This tea was withered for several days but instead of piling the leaves on top of each other like many Fujian white tea producers, Hojo gives his white tea a lot of space. The taste is thick, and lemony, like a sour apple. From what I can gather, Hojo prefers teas on the fruitier side in terms of flavor, so it’s fun to think about someone’s specific personality as you taste their teas.
On that note, J.D. brought some 2003 silver bud white pu’er (I know, the labeling is confusing) also from Da Xue Shan but from David Hoffman’s Phoenix collection. You can’t talk about personality without bringing up David Hoffman, one of the most eccentric and famous of the old guards of tea that are slowing dying off. He’s got a fun shop (and rumored to have a pu’er cave) in Marin County, and the last time I visited he let me sit and brew all afternoon. Supposedly I’ve been promised a tour of his home the next time I visit, before the pesky building inspectors force him to tear it down.
Also dying a slow death is the technique of charcoal roasting Tieguanyin. Our friend Max is writing an article on it (URL to come when it’s published) and we were able to get some Drunken Imperial Concubine from Master Chan. His roaster dude is 70 years old and when he’s gone that will be that. The leaves are roasted for about 22 hours in total, but not continuously, as the roaster (especially if you’re 70) needs to sleep. To keep the pit hot, the ashes of a parasol tree (梧桐樹) are spread over the coals. You can taste a little ashiness in the tea, on top of the roasted coconut and buttery flavors, quite different from the greener, lightly-roasted and more popular tieguanyins.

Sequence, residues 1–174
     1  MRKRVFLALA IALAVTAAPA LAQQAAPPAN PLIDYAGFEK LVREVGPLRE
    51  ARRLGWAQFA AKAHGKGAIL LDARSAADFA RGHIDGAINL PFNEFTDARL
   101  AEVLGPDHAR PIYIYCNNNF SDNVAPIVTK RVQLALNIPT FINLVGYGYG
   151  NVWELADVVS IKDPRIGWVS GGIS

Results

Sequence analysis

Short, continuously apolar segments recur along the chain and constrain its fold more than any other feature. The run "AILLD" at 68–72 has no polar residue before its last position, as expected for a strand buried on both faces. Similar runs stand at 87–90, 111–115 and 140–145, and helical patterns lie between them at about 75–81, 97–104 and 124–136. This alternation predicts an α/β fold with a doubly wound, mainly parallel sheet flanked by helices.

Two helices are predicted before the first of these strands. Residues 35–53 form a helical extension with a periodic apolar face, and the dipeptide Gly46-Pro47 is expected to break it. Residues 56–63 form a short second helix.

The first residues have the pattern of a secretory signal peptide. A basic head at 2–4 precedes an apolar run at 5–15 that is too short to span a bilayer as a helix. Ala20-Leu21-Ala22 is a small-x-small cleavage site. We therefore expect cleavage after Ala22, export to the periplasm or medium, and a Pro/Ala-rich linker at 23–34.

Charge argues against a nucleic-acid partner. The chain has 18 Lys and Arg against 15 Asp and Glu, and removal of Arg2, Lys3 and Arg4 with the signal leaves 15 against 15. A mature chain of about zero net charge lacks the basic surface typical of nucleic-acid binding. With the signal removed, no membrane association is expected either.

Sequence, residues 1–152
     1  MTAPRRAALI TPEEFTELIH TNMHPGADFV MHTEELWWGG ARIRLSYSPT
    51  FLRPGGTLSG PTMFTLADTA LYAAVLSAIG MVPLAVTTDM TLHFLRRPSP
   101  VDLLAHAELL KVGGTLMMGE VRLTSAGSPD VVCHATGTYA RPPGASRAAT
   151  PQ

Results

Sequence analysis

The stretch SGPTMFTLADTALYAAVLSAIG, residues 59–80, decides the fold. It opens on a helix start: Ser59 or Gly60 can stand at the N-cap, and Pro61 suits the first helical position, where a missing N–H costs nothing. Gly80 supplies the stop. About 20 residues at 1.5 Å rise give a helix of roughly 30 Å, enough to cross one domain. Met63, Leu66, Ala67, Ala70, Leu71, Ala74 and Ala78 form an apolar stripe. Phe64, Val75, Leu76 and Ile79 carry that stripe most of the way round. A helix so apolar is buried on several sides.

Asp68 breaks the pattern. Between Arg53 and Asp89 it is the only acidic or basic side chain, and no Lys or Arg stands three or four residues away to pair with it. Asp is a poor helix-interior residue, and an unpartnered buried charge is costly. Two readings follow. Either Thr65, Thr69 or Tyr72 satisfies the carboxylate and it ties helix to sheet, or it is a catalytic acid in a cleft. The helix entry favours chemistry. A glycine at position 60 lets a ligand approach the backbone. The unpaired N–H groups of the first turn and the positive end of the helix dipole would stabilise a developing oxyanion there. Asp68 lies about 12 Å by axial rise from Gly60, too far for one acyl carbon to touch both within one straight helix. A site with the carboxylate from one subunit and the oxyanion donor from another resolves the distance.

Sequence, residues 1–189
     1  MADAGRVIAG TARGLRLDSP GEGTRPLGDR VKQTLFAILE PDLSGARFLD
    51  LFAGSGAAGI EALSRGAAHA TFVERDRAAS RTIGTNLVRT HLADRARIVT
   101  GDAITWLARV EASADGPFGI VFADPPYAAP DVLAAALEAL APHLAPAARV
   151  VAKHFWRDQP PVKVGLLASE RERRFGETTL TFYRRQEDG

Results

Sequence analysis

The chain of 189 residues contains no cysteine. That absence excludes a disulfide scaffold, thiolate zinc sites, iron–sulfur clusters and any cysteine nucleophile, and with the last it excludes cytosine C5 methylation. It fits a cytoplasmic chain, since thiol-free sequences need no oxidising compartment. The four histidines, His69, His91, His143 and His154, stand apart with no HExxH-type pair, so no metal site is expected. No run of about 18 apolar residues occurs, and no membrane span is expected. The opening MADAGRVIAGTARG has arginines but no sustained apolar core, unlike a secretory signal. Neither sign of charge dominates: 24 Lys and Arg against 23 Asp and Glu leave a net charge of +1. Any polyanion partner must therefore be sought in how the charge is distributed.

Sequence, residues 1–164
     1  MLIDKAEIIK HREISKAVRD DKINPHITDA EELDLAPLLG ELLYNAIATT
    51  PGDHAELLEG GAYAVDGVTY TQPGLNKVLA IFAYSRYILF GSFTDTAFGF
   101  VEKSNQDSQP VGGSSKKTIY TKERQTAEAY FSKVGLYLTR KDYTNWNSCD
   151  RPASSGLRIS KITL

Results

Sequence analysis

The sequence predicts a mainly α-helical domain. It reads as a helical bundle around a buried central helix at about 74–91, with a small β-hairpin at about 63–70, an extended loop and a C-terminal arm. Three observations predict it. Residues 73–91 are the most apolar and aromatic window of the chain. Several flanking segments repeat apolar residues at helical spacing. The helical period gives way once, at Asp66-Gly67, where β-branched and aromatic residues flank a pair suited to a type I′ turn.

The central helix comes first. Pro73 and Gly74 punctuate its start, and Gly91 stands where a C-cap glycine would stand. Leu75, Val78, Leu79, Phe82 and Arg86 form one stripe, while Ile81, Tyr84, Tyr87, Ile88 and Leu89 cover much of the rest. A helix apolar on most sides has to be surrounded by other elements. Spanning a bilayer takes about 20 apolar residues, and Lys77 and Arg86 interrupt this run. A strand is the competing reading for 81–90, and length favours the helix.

We got tired of lamenting old tea techniques so we moved on to something high tech and trendy: GABA Taiwanese oolong from Te Company. GABA stands for Gamma-Aminobutyric acid, and supposedly it’s responsible for reducing neuronal excitability, or lowering your blood pressure, or mellowing you out. You can, of course buy GABA as a supplement. The process of GABA tea was invented by the Japanese in the 80’s, where trees are shaded a few weeks before harvest (like gyokuro) in order to produce an excess of glutamic acid, which the leaves already have quite a bit of. When the tea is oxidizing, the oxygen is replaced by nitrogen (technically it’s nitrogized?), which converts the glutamic acid to GABA. This is all fine and dandy, only there’s evidence that taking GABA orally doesn’t increase GABA levels in your brain, because the substance is not able to pass the blood-brain barrier in order to enter your central nervous system.